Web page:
SALZSTADT (KUTV) –
Should middle or senior school children learn about consent to sex education, or are these age groups too young?
These are the questions that lawmakers are currently debating in connection with House Bill 177, which would add consent to teaching sex education.
“This is an emotionally charged topic for every side I’ve heard of,” said Rep. Steve Waldrip (R-Weber) during a hearing on the bill earlier this week.
If passed, Utah students would learn early signs of coercion and emotional manipulation.
“We really need to start building these skills with students before they’re in a situation,” said Annabel Sheinberg, Planned Parenthood Utah’s vice president of foreign affairs, who supports consent to sex education.
Sheinberg said it will help young people navigate the ever-expanding digital world. “Especially when someone asks for a photo or a picture of you, he realizes that he can say no.”
Parents remain in control of whether or not their child has sex at school. A 45 minute informed consent form would be given at the intermediate and high school level when the bill goes into effect.
Let’s open our ears and our minds to what we’ve heard from survivors, ”Sheinberg said.
Corinne Johnson is a mother of five and the founder of Utah Parents United, a group that spoke out against an online-only school during the pandemic. Now the group is advocating against including consent in the gender curriculum.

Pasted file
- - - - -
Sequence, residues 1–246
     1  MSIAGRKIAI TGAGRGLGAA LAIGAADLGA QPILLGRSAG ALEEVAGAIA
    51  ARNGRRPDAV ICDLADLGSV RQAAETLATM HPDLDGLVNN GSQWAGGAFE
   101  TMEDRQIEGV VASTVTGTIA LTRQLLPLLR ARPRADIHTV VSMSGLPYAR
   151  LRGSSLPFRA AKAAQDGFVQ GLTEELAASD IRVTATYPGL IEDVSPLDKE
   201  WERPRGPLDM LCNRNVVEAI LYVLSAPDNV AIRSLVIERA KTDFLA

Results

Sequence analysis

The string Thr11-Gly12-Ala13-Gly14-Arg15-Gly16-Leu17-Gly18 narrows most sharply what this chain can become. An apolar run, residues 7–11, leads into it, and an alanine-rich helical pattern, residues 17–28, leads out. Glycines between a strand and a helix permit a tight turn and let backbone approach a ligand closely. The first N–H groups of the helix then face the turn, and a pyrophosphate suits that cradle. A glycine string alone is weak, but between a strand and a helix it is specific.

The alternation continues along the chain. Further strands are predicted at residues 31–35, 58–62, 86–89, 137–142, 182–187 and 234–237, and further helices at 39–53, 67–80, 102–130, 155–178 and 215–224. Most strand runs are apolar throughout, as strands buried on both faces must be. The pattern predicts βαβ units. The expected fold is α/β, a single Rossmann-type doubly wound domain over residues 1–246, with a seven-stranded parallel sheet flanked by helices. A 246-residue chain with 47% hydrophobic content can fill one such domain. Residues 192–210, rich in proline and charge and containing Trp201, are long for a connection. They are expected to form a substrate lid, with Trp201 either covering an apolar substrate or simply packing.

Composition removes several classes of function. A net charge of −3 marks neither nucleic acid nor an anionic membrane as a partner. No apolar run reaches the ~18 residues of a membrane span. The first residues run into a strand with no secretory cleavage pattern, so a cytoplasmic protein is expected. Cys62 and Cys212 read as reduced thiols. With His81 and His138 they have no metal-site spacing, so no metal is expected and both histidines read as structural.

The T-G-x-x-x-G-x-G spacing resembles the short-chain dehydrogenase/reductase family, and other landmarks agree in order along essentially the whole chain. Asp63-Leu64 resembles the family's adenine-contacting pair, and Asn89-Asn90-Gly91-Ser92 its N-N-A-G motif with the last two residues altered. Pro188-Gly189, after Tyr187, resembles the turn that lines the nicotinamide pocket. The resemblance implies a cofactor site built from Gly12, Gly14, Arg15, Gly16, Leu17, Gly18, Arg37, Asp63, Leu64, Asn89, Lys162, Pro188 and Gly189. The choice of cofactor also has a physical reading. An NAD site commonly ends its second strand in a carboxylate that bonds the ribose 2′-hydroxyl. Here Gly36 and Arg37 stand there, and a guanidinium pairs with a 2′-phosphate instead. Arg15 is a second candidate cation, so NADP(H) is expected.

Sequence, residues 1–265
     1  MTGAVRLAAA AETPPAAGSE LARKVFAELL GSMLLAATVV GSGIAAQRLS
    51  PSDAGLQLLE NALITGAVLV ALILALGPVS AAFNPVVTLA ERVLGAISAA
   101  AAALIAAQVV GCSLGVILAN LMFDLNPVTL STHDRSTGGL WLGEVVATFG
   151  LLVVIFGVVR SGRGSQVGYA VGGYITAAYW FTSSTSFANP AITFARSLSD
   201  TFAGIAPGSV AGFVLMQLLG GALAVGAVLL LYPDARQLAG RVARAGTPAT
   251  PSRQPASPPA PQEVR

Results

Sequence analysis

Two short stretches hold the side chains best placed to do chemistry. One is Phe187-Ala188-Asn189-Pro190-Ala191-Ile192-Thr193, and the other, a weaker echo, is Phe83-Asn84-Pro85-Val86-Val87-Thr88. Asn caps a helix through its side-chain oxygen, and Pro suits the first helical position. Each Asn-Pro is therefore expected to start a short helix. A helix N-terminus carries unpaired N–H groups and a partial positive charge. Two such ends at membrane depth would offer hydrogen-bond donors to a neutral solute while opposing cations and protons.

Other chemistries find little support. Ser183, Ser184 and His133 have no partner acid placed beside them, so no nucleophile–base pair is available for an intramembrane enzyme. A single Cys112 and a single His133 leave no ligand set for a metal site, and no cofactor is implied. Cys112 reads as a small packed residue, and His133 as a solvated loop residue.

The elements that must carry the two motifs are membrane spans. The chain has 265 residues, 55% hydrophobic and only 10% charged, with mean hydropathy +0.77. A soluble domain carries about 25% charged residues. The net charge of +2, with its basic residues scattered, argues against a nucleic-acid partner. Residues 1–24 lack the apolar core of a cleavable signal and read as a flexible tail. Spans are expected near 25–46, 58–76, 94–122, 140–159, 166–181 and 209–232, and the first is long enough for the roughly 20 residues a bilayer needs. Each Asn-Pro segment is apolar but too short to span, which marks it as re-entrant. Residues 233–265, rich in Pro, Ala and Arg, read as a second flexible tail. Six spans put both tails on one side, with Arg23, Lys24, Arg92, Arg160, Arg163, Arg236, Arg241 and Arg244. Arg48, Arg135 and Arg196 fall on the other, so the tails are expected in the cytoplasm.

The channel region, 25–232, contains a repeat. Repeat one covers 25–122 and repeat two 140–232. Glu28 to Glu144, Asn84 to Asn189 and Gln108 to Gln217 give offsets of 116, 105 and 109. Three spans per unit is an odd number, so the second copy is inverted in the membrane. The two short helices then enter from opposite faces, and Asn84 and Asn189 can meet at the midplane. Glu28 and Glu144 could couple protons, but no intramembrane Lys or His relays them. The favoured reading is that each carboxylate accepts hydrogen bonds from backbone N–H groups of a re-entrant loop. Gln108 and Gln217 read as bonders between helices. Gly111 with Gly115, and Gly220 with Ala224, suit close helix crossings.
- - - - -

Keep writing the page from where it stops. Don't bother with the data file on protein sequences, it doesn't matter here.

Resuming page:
Johnson said the bill will encourage education that violates the current code because children cannot legally consent to sexual activity.
“I know there are so many parents who are concerned about the expansion of comprehensive sex education here in the state of Utah,” said Johnson.
Johnson said teaching risk avoidance and abstinence is a better way to keep children safe.
We teach them how to be safe, we teach them healthy relationships – all of this is already there. We don’t need to give consent, ”said Johnson.
The bill was passed by the committee at the third replacement and is now to be discussed by the whole House.
Johnson says if it does happen she will lobby to stop it in the Senate.